This is not one of those
columns. This is a column written through eyes welled
with tears, typed with hands shaking with revulsion
I just found, via the normally smile-inducing Poor
Man blog, a site describing a documentary
committed by Afghan troops under the supervision of
U.S. Special Forces after the siege of Kunduz in November
of 2001. Here is the summary:
The film provides eyewitness testimony that U.S.
troops were complicit in the massacre of thousands
of Taliban prisoners during the Afghan War.
It tells the story of thousands of prisoners who
surrendered to the US military’s Afghan allies
after the siege of Kunduz. According to eyewitnesses,
some three thousand of the prisoners were forced
into sealed containers and loaded onto trucks for
transport to Sheberghan prison. Eyewitnesses say
when the prisoners began shouting for air, U.S.-allied
Afghan soldiers fired directly into the truck, killing
many of them. The rest suffered through an appalling
road trip lasting up to four days, so thirsty they
clawed at the skin of their fellow prisoners as
they licked perspiration and even drank blood from
Witnesses say that when the trucks arrived and
soldiers opened the containers, most of the people
inside were dead. They also say US Special Forces
re-directed the containers carrying the living and
dead into the desert and stood by as survivors were
shot and buried. Now, up to three thousand bodies
lie buried in a mass grave.
The stories of torture at Abu Ghraib bothered me
deeply, of course. The recently released footage of
American troops burning
Taliban corpses does, too. But the images this story
burns into my head touch a horror that is, for me,
deep and personal.
Why does this story resonate so deeply? Part of
the answer is that both of my grandfathers were sent
to Nazi concentration camps. It happened early, before
the primary function of the camps became extermination,
and they both got out. Other relatives of mine were
not so lucky.
The ways in which the Holocaust permeates the consciousness
of the children and even grandchildren of survivors
has been well chronicled. I will not bother explaining
it here. Suffice it to say that the revulsion –
at the Holocaust and at things that remind me of it
– is hardwired as surely as if by DNA.
And how does this new outrage echo the Holocaust?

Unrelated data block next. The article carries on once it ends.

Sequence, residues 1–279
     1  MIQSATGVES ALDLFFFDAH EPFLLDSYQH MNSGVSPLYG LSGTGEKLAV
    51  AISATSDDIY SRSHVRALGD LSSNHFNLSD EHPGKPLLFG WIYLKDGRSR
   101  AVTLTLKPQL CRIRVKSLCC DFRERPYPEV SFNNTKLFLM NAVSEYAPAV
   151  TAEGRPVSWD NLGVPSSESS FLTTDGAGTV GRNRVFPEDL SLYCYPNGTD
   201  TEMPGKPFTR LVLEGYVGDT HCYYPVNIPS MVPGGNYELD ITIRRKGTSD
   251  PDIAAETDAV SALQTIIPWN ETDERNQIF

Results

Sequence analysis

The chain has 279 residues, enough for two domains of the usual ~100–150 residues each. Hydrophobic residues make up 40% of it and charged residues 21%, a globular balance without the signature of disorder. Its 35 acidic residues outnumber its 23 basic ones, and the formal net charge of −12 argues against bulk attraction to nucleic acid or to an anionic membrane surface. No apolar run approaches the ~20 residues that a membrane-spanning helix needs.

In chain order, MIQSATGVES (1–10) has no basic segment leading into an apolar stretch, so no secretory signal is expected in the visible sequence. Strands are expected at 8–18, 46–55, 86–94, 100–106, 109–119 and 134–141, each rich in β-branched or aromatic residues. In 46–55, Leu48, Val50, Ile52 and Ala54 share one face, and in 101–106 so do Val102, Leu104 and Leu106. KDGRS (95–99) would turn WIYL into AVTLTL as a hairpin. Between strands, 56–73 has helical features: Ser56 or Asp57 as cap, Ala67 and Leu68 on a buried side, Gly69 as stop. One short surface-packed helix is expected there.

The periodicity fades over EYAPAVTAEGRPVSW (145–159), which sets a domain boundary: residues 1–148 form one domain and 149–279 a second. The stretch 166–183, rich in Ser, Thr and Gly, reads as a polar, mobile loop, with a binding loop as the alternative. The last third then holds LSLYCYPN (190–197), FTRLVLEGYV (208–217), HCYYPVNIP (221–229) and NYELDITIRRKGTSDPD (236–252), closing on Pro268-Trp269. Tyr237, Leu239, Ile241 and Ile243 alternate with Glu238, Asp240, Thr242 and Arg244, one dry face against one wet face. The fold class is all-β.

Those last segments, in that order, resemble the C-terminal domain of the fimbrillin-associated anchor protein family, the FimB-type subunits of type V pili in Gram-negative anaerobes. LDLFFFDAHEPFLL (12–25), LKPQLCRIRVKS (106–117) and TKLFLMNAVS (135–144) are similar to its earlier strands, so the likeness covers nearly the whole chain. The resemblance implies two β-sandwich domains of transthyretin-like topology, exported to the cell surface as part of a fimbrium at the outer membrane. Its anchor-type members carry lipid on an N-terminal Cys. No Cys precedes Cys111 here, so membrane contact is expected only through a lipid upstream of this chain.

American troops reached Dachau the very place my mother’s
father was sent – on April 29, 1945. Here is
the account of one of those soldiers:
"These people were stuffed in these cars.
The cars had bullet holes all over them, evidently
from strafing on the way to Dachau. Most of the
GIs just stood there in silence and disbelief. We
had seen men in battle blown apart, burnt to death,
and die many different ways, but we were never prepared
for this. Several of the dead lay there with their
eyes open, a picture I will never get out of my
mind. It seems they were looking at us and saying,
'What took you so long?'"
- Private John Lee, 45th Division soldier who was
one of the first men on the scene.
The gruesome pictures taken that day are here.
Look at them.
visited the Holocaust Museum in Washington a few years
ago. Overall, the museum walked the fine line that
separates trivialization from overload (a demarcation
that is probably different for every visitor) until
I reached the exhibit that contained one of the actual
railroad boxcars used to transport untold numbers
of victims to their deaths. I could not enter it –
I could barely hold myself together just looking at
it. I do not believe in an afterlife, but for me that
one rail car somehow held the distilled agony of all
the exterminated millions.
say “never again,” and genocide happens
in Rwanda. We say “never again,” and it
happens in Darfur. We are culpable in our inaction,
for the suffering we choose to ignore in those distant
places. But those are sins of omission. Now it seems
American soldiers – our soldiers – are
soaked in the blood of thousands of men in a twisted
reenactment of the Dachau death train.
I hope against all hope that the film is wrong –
that American troops did not condone and conceal the
re-enactment of some of the worst barbarity of the
20th century. But the context of sadistic lawlessness
that has been countenanced and even rewarded by the
Bush Administration blocks that hope. Today I cannot
escape the conclusion that such savagery was done,
and in my name.
To be a child of the Holocaust is to identify with
the victims of atrocity. In this sense, we should
all be children of the Holocaust. The Taliban soldiers
massacred at Kunduz may not have been innocents, but
their crimes change nothing – they were victims
of an atrocity. If Americans commit such acts without
consequence, they make Nazis of us all.
I normally write to vent, and in the quixotic, delusional
hope I might help change the world. I write to try
to maintain my balance on the tightrope that separates
hope and despair. Now I am haunted by a nightmare,
and write to escape the visions – to make it
Visit John Steinberg @ www.bluememe.blogspot.com.